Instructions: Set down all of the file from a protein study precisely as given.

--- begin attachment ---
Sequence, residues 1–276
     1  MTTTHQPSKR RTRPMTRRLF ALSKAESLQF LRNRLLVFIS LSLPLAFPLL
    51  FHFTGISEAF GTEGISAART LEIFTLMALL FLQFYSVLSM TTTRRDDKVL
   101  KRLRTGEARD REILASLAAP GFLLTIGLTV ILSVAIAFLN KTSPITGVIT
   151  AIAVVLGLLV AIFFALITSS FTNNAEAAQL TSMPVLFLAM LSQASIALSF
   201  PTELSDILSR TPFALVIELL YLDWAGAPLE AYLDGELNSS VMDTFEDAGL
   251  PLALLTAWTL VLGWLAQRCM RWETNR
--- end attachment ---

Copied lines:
Sequence, residues 1–276
     1  MTTTHQPSKR RTRPMTRRLF ALSKAESLQF LRNRLLVFIS LSLPLAFPLL
    51  FHFTGISEAF GTEGISAART LEIFTLMALL FLQFYSVLSM TTTRRDDKVL
   101  KRLRTGEARD REILASLAAP GFLLTIGLTV ILSVAIAFLN KTSPITGVIT
   151  AIAVVLGLLV AIFFALITSS FTNNAEAAQL TSMPVLFLAM LSQASIALSF
   201  PTELSDILSR TPFALVIELL YLDWAGAPLE AYLDGELNSS VMDTFEDAGL
   251  PLALLTAWTL VLGWLAQRCM RWETNR